Mesolimbic pathway

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"Reward center" redirects here. For the reward system which contains this pathway, see Reward system.
The mesolimbic pathway can be seen here as the blue projections from the VTA to various areas of the limbic system and to the medial prefrontal cortex .

The mesolimbic pathway is a dopaminergic pathway in the brain. The pathway begins in the ventral tegmental area of the midbrain and connects to the nucleus accumbens.

Anatomy[edit]

The following structures are considered to be a part of the mesolimbic pathway:

Ventral tegmental area
The ventral tegmental area (VTA) is a part of the midbrain. It consists of dopaminergic, GABAergic, and glutamatergic neurons.[1] The VTA communicates with the nucleus accumbens via the medial forebrain bundle.
Nucleus accumbens
The nucleus accumbens is found in the ventral striatum and is composed of medium spiny neurons.[2][3] It is subdivided into limbic and motor subregions known as the shell and core.[1] The medium spiny neurons receive input from both the dopaminergic neurons of the VTA and the glutamatergic neurons of the hippocampus, amygdala, and medial prefrontal cortex. When they are activated by these inputs, the medium spiny neurons' projections release GABA onto the ventral pallidum.[1] The release of dopamine in this structure drives the mesolimbic system.

Clinical significance[edit]

Main article: ΔFosB

This pathway plays a central role in neurobiology of addiction.[4][5][6] It is also implicated in schizophrenia and depression.[7][8][9] Drug addiction, the loss of control over drug use or the compulsive seeking and taking of drugs despite adverse consequences, with the four major classes of abused drugs (psychostimulants, opiates, depressants, and nicotine) are due to increased dopamine transmission in the limbic system-each by different mechanisms.[1][10] Like drug addiction, schizophrenia and depression have similar structural changes with dopamine transmission.[7]

Other dopamine pathways[edit]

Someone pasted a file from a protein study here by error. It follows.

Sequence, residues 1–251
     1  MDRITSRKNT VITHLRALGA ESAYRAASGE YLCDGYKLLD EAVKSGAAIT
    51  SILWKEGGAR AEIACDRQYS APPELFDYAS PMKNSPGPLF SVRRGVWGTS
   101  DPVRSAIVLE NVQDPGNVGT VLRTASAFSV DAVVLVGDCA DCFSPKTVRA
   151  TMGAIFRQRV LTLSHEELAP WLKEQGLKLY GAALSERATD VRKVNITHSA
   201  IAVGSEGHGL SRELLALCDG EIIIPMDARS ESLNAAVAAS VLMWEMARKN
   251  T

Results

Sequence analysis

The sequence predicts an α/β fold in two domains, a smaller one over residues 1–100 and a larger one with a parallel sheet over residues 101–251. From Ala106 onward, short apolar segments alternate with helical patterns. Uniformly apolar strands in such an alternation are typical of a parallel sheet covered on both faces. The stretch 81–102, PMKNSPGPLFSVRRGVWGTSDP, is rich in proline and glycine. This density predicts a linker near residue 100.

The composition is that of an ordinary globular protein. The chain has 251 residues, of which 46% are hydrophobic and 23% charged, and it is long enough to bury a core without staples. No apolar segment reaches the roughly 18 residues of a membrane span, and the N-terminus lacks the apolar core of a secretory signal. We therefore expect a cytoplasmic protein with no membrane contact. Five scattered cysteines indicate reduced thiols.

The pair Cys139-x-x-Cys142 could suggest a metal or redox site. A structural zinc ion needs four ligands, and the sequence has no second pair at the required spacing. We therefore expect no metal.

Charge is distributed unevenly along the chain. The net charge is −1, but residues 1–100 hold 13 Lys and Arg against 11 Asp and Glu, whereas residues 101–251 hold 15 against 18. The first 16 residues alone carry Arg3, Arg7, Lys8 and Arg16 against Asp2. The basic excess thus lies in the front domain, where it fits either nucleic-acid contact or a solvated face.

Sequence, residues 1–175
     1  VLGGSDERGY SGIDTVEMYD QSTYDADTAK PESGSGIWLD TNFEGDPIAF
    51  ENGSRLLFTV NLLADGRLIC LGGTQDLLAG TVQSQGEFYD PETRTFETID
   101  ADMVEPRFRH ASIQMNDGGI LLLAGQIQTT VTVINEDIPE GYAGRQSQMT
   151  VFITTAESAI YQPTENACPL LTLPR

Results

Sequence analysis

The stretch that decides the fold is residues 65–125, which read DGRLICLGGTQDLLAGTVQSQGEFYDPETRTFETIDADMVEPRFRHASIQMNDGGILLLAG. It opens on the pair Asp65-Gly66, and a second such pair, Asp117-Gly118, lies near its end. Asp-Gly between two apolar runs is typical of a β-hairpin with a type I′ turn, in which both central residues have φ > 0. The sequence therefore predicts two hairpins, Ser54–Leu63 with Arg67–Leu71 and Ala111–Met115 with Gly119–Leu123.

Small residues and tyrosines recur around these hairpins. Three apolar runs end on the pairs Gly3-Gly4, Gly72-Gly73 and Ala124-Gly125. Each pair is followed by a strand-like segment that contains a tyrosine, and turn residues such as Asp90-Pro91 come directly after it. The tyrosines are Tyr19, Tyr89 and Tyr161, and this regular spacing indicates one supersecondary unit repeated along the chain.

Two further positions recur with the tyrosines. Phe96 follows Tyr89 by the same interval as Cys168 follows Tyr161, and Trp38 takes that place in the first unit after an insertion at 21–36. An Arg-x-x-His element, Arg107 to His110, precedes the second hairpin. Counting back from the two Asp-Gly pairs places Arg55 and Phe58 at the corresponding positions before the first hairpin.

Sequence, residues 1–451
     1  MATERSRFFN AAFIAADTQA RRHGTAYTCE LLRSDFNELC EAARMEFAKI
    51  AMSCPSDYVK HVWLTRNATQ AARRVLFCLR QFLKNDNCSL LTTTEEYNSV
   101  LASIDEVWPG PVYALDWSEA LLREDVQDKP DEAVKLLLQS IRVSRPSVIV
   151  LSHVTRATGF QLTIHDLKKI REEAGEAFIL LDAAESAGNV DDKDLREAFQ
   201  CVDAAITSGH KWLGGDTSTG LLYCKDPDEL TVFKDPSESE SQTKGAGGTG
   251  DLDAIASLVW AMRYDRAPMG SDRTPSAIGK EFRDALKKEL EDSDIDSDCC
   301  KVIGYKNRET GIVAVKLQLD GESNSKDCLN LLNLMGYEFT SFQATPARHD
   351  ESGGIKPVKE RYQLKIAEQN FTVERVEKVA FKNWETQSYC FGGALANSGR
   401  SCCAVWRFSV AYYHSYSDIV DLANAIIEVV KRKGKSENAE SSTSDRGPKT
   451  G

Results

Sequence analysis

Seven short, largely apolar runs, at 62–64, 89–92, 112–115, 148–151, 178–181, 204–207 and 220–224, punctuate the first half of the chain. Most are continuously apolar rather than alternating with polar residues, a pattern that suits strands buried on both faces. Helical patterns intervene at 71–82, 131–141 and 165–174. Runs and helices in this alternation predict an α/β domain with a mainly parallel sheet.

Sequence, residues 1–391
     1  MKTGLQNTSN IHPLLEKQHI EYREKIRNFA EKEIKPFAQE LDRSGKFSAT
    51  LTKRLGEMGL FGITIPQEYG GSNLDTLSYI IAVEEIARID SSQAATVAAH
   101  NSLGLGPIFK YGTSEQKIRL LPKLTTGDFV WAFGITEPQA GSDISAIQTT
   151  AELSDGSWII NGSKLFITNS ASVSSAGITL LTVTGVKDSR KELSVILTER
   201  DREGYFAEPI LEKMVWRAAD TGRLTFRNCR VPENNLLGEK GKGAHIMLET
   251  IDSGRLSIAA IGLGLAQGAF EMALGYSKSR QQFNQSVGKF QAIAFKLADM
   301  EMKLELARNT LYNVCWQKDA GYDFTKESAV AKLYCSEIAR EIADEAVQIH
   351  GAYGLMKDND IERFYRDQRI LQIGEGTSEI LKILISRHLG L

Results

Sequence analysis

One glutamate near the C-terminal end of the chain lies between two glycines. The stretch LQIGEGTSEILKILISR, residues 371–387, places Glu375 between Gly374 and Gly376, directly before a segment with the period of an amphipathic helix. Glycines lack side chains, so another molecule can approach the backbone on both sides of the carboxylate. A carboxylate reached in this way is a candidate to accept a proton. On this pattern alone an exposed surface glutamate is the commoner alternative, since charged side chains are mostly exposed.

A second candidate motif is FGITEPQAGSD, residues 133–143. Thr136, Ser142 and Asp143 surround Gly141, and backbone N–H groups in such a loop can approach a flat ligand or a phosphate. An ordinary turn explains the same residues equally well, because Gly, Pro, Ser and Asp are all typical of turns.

The other dopamine pathways are:

References[edit]

  1. ^ a b c d Pierce RC, Kumaresan V. 2006. The mesolimbic dopamine system: The final common pathway for the reinforcing effect of drugs of abuse? Neuroscience and Biobehavioral Reviews 30:215-38
  2. ^ Zhang TA, Maldve RE, Morrisett RA. 2006. Coincident signaling in mesolimbic structures underlying alcohol reinforcement. Biochemical Pharmacology 72:919-27
  3. ^ Purves D et al. 2008. Neuroscience. Sinauer 4ed. 754-56
  4. ^ Robison AJ, Nestler EJ (November 2011). "Transcriptional and epigenetic mechanisms of addiction". Nat. Rev. Neurosci. 12 (11): 623–637. doi:10.1038/nrn3111. PMC 3272277. PMID 21989194. ΔFosB has been linked directly to several addiction-related behaviors ... Importantly, genetic or viral overexpression of ΔJunD, a dominant negative mutant of JunD which antagonizes ΔFosB- and other AP-1-mediated transcriptional activity, in the NAc or OFC blocks these key effects of drug exposure14,22–24. This indicates that ΔFosB is both necessary and sufficient for many of the changes wrought in the brain by chronic drug exposure. ΔFosB is also induced in D1-type NAc MSNs by chronic consumption of several natural rewards, including sucrose, high fat food, sex, wheel running, where it promotes that consumption14,26–30. This implicates ΔFosB in the regulation of natural rewards under normal conditions and perhaps during pathological addictive-like states.